Just off the shore of Lough Ree, the peaceful island of Inchcleraun. Known locally as “Quaker Island”, it is one of the largest (albeit only 1 mile / 1.5 km long!) and more historically interesting islands of the many on the lake. With the remains of seven churches, including monastic settlements, Inchcleraun is an example of how Ireland got its nickname of "the land of Saints and Scholars". In the middle ages, Inchcleraun was a place of pilgrimage and religious learning. Today, the island is something of a hidden gem, since very few locals, let alone tourists, have visited its shores. Between 800 and 1300 the island and its churches were repeatedly plundered and burned by invaders, so the buildings are in ruins today.
St. Diarmaid's Monastery
A monastery founded by St. Diarmaid in 540 AD is the most prominent ruin. St. Diarmaid (or Dermot) was the teacher of St. Ciaran, founder of the Ireland’s famous Clonmacnoise monastery in County Offaly.
One of the churches has an unusual feature called a clogas, or square bell tower, which is attached to the main building. Most churches of this era had round towers, separate from the main building – the other exception is the one in the aforementioned Clonmacnoise. The clogas is located on the north side of the island, and is visible from the shoreline.
The Curse of Templemurray
The smallest church on the island is called Templedermot, the largest being Templemurray. According an old (no longer held) local superstition, any woman who enters Templemurray will meet her death within twelve months!
How Inchcleraun Got Its Name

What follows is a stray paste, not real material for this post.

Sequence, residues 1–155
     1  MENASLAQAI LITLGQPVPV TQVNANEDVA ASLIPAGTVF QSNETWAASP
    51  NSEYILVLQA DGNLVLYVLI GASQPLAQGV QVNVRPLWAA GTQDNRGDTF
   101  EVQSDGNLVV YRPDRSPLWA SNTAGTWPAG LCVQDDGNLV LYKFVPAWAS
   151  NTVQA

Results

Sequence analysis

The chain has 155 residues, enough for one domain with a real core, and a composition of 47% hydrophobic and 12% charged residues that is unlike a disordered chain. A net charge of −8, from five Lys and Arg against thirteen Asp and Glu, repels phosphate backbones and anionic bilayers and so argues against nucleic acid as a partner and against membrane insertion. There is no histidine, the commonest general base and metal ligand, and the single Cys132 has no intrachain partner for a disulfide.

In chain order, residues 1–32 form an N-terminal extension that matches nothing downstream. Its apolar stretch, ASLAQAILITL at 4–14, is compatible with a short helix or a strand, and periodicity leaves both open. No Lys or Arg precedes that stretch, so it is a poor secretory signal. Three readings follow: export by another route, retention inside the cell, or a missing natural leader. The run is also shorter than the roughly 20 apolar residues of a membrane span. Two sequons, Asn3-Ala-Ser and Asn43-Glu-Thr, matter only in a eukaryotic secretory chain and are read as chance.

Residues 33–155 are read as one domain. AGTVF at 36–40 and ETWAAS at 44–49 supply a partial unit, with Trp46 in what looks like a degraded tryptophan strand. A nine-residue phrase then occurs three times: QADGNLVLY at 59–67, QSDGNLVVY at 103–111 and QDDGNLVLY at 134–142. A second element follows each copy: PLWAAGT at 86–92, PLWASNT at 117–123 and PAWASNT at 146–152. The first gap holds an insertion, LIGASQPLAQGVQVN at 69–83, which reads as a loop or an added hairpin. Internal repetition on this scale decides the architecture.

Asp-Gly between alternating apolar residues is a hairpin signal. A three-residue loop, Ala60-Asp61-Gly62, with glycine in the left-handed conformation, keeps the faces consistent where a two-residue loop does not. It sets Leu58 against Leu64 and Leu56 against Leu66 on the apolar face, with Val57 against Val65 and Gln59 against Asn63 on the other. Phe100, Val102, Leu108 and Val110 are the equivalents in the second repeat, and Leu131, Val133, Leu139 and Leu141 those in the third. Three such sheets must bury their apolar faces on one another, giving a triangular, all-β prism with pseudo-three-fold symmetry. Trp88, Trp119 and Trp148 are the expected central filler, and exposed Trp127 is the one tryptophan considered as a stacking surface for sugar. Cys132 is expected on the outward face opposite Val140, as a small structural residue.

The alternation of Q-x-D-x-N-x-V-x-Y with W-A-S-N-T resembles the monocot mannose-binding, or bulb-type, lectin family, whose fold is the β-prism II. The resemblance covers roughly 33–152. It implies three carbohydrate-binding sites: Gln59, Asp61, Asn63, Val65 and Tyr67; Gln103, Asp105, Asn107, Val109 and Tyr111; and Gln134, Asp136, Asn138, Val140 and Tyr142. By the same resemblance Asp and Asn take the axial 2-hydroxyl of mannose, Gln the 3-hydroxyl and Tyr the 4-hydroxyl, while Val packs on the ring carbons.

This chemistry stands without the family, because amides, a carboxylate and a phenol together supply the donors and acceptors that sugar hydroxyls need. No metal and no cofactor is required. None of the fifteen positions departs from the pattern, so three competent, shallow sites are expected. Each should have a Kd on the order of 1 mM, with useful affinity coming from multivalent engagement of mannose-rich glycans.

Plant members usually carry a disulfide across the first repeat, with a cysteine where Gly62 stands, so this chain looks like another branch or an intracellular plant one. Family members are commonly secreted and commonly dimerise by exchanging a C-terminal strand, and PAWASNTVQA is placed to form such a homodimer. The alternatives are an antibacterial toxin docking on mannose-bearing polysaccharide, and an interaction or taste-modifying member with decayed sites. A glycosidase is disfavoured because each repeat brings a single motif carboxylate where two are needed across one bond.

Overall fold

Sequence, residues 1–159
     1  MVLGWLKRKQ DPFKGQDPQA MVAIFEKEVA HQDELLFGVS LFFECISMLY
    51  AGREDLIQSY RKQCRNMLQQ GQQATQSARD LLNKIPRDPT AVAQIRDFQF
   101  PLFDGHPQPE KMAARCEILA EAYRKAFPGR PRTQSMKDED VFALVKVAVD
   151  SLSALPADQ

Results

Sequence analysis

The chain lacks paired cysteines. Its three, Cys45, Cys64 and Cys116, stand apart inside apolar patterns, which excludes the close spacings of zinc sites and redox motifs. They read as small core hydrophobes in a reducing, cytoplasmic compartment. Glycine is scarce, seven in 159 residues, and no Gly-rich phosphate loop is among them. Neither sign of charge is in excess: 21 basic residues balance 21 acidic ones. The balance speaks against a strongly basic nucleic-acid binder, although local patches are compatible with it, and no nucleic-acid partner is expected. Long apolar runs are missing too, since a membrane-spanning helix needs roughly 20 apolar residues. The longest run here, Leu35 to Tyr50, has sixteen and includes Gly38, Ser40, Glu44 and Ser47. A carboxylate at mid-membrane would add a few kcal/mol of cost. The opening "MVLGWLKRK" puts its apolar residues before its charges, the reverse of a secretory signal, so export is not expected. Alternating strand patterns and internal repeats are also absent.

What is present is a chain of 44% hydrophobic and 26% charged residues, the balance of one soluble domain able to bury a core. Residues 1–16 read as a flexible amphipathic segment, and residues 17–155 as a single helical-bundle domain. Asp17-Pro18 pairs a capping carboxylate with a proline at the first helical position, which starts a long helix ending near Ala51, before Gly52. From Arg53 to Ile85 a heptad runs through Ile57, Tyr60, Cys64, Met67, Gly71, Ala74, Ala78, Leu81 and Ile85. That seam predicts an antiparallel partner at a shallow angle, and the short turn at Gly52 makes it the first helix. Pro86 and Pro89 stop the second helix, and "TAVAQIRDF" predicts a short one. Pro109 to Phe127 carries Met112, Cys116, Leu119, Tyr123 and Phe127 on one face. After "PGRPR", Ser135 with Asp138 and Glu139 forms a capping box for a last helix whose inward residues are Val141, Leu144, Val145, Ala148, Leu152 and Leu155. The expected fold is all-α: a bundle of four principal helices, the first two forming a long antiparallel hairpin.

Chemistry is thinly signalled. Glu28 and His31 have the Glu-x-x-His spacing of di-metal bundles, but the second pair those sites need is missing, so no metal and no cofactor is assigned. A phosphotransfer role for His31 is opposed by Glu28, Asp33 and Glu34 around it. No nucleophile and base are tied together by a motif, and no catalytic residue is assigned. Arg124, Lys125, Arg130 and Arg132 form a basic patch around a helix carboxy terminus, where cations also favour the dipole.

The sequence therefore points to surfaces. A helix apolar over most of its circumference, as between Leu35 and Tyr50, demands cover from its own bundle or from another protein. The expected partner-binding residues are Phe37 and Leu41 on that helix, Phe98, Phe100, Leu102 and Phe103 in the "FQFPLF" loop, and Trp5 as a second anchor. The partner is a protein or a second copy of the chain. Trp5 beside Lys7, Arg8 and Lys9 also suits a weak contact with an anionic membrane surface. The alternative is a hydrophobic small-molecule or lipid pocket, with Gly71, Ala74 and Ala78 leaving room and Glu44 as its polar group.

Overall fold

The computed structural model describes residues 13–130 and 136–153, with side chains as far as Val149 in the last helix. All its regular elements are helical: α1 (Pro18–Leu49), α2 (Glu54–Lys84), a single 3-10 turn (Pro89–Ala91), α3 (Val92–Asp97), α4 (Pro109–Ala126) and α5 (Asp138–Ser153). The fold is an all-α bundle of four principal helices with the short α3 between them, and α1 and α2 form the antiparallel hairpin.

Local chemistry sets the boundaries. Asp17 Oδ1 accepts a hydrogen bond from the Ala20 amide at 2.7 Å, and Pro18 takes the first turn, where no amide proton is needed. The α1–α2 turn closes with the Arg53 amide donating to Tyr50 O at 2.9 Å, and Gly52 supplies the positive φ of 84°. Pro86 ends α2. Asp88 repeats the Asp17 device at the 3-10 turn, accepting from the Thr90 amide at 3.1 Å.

The island takes its name from the Gaelic Inis Clothrann, meaning the island of Clothra. An ancient Celtic figure, Clothra (also known as Clothru) was initially the most powerful among six daughters of Eochu Feidlech, then High King of Ireland. She became the Queen of Connacht after her father's death. Clothra infamously slept with each of her triplet brothers before they went into battle, so they they would not be left without heirs. The triplets were killed in battle but, according to the myth, Clotrha gave birth to a single son -- Lugaid Riab nDerg -- who was born with three strange red stripes on his body, indicating his three biological fathers. Luag would later become High King of Ireland. One of Clothra's rival sisters was called Maeve, who is today better known as Queen Maeve, the Warrior Queen. All of the sisters had been married (by their father) to Conchobar Mac Nessa, then king of Ulster, as an apology for Eochu killing Conchobar's father in battle. Maeve had originally been Conchobar's favourite, but she had grown tired of him, and took other lovers. She was intensely jealous that her father had granted the crown of Connacht to Clothra. When Clothra became pregnant with Conchobar's child, Maeve, in a rage, killed her -- but the unborn child was saved. He was given the name Furbaide Ferbend. Now Maeve became the Queen of Connacht and a rival to Conchobar, and she ruled fiercely for many years. When her husband killed her lover Fergus, Medb retired to the island today known as Inis Clothrann. Furbaide Ferbend seduced her there. Flattered by his interest, and his good looks, she accepted his offer to be her bodyguard. Ferbaide killed Mave in the cove where she bathed. The name "Quaker Island" is more recent, and owes to the island being owned, by a person (unknown) of the Quaker community. The island is today owned by the state.